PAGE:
Greece Legal requirement re: max level of salt permitted in bread, tomato juice and tomato concentrates/ purees since 1971. Max level - nutrient profiles that serve as the scientific basis for legislation regarding the list of foods allowed to be sold in school canteens include maximum sodium level requirements. Level of sodium in biscuits: 0.5 g/100 g since 2006. Hellenic Food Authority working with food manufacturers to reformulate processed products high in salt. Nutrient profiles that serve as the scientific basis for legislation regarding the list of foods allowed to be sold in school canteens include maximum sodium level requirements. Salt strategy mentioned in the Action Plan for Implementation of the National Nutrition Policy.
Hungary Codex Alimentarius Hungaricus modified salt content for bread and some other bakery products (on dry matter).    Dietary salt target. Salt included in in Hungarian National Nutrition Action Plan 2010–2013.
  Tax: Act CIII on public health product tax: salty snacks with salt content exceeding 1 g/100 g and condiments (soup and other powders, artificial seasonings) above 5 g salt /100 g (2011). Max level ‘Nutritional recommendation for mass caterers’ draft proposal for a ministerial decree - Recommendation issued (ministerial decree is in progress).  
Iceland   Setting benchmarks for salt reduction, reformulation.   Multilevel awareness raising public campaigns; cooperation with the food industry; and monitoring and evaluation.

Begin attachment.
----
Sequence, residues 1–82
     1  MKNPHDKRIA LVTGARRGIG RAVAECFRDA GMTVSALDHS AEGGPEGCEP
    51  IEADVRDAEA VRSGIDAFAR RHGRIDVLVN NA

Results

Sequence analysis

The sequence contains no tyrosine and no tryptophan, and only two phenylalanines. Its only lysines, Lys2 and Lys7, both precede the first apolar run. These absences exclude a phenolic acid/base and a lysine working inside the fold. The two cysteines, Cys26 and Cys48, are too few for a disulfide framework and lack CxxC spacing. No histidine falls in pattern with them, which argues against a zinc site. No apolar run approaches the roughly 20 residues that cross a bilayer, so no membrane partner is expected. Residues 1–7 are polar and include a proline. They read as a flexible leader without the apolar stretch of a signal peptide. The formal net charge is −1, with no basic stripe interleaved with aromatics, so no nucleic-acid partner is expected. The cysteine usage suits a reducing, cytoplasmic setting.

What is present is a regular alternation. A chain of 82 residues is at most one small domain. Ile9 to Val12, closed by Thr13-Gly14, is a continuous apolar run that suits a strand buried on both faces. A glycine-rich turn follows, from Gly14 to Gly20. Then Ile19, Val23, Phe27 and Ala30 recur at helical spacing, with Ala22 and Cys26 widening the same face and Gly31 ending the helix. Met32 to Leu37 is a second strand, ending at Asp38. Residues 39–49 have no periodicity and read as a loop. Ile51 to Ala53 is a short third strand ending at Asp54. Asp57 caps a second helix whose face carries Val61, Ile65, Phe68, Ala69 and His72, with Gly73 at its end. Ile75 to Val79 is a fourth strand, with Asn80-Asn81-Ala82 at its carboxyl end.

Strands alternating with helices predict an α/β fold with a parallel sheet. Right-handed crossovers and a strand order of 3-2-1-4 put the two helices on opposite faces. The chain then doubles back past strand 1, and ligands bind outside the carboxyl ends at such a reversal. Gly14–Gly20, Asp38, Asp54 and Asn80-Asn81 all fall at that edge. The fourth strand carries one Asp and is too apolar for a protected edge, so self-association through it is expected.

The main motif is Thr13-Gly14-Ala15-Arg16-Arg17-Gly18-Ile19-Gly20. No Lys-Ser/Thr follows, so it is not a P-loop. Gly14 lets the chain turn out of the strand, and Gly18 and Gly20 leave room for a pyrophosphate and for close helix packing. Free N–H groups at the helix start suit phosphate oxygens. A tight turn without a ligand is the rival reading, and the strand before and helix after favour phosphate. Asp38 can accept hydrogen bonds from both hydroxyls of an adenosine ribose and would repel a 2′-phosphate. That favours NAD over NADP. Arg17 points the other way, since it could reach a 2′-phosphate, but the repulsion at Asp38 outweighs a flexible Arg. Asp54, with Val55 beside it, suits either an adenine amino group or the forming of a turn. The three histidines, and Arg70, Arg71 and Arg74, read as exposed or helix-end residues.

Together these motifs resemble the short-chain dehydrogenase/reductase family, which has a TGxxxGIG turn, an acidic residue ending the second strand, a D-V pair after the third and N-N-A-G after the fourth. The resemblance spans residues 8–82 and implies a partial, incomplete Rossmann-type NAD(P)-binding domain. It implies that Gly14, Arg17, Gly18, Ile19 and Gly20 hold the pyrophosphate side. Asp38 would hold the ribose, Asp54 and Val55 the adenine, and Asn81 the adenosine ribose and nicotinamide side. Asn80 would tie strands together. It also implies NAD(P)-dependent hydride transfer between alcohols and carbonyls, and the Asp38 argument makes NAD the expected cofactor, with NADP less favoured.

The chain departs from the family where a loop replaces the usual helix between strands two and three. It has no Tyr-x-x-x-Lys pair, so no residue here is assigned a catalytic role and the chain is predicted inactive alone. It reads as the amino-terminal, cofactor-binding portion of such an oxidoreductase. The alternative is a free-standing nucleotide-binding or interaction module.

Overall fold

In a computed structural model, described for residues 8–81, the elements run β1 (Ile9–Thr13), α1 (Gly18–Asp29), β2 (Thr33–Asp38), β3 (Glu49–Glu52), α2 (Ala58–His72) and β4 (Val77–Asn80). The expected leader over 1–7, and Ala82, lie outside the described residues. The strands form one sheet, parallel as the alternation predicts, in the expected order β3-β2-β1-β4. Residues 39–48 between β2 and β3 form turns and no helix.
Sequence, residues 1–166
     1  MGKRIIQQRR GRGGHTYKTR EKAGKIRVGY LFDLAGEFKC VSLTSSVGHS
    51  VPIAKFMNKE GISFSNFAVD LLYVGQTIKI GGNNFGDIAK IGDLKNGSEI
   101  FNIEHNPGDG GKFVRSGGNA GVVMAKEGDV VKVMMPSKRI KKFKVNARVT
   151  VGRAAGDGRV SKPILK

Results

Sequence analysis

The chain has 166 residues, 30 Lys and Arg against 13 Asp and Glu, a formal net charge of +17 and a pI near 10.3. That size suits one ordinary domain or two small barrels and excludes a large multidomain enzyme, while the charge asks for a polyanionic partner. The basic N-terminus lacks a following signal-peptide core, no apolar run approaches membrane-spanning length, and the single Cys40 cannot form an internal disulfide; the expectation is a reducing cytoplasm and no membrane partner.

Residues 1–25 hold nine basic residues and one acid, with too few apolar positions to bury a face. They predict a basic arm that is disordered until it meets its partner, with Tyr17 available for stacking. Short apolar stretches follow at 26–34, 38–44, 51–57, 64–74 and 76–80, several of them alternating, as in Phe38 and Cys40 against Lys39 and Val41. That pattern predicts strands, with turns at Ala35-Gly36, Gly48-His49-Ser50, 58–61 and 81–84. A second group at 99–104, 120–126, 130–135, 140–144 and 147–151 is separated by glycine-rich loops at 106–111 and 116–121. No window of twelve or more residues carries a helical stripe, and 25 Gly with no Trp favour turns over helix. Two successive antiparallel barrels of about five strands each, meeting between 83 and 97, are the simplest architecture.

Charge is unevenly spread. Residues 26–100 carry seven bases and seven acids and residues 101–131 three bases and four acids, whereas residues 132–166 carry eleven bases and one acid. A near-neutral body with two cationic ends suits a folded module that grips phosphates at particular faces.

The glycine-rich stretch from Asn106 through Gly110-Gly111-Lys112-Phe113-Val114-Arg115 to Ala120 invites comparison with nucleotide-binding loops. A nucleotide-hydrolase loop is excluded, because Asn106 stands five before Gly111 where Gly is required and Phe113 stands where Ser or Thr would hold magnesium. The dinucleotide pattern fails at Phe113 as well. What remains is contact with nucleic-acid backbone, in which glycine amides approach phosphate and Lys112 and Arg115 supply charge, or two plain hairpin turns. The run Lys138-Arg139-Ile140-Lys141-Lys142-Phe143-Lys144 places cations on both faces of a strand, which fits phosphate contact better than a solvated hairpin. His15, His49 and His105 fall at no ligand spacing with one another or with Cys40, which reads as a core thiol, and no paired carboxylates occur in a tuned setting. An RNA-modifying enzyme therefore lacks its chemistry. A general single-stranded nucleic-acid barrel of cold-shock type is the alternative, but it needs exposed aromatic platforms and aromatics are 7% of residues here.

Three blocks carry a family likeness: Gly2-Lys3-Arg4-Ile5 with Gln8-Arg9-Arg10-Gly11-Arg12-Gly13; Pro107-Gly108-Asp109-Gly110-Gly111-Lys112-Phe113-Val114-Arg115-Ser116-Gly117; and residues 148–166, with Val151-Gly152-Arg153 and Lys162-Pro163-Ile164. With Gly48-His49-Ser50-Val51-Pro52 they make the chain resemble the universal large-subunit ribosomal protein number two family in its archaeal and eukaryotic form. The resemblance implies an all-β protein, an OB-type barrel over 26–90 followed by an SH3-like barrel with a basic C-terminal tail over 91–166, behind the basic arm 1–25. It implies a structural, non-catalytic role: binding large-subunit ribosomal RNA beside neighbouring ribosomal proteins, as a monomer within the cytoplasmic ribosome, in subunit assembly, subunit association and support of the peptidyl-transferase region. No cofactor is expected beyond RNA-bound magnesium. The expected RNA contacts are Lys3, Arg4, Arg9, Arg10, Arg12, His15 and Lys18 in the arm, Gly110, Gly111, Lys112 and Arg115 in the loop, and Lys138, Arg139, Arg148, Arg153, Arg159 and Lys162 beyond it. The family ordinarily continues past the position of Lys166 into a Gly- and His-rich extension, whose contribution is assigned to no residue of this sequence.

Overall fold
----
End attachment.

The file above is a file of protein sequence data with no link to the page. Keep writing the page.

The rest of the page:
Ireland     Salt strategy included in Changing Cardiovascular Health, National Cardiovascular Health Policy 2010–2019. Dietary salt target.
Italy   July 2009 - Voluntary Agreement between associations of craft bakers and plant bakers and Ministry of health to reduce salt content in some of their products. Ref: P. Strazzullo, G. Cairella, A. Campanozzi, M. Carcea, et al. for the GIRCSI Working Group 1.   National salt reduction initiative since 2008 in line with EU target of 16% Reduction by 2013. Population based strategy for dietary salt intake reduction: Italian initiatives in the European framework Nutrition, Metabolism and Cardiovascular Diseases, 22(3) 2012 161-166.
Latvia Dietary standards in schools, kindergartens, long-term social care institutions and hospitals (2012).   Salt maximum level - Dietary standards in schools, kindergartens, long-term social care institutions and hospitals.  
Lithuania Course of action for Nursery school, Primary and Secondary school children and Foster Home Nutrition, article 17 prohibits confectionary which contains sodium >0,4 g/100 g (2011).   Salt maximum level - Dietary standards in schools, kindergartens, long-term social care institutions and hospitals. Dietary Salt Target
Luxembourg     As of 2008 initiatives discussed with bakers and butchers federations.
Malta   Dialogue with industry to reduce salt began in 2010. National salt reduction initiative focuses on bread only by 2012.   Salt mentioned in a Strategy for the Prevention and Control of NCDs in Malta 2010.
Netherlands Bread max. 2.5% salt on dry matter, tightened to max. 2.1% salt on dry matter (1.8% salt in flour). 2013 it will be tightened again to 1.8% salt on dry matter (1.5% in flour).    
Norway     Banned all food advertising targeting children aged younger than 12 years since 1990.
National salt initiative reduction is linked to the Action Plan on Nutrition (2007–2011), "Recipe for a healthier diet".
Poland     Salt reduction included in the National Prevention Programme of Overwieght, Obesity and Non-communcable Disease through Diet and Physical Activity Improvement 2007–2011 and the national Health Programme 2007–2015.Dietary Salt Target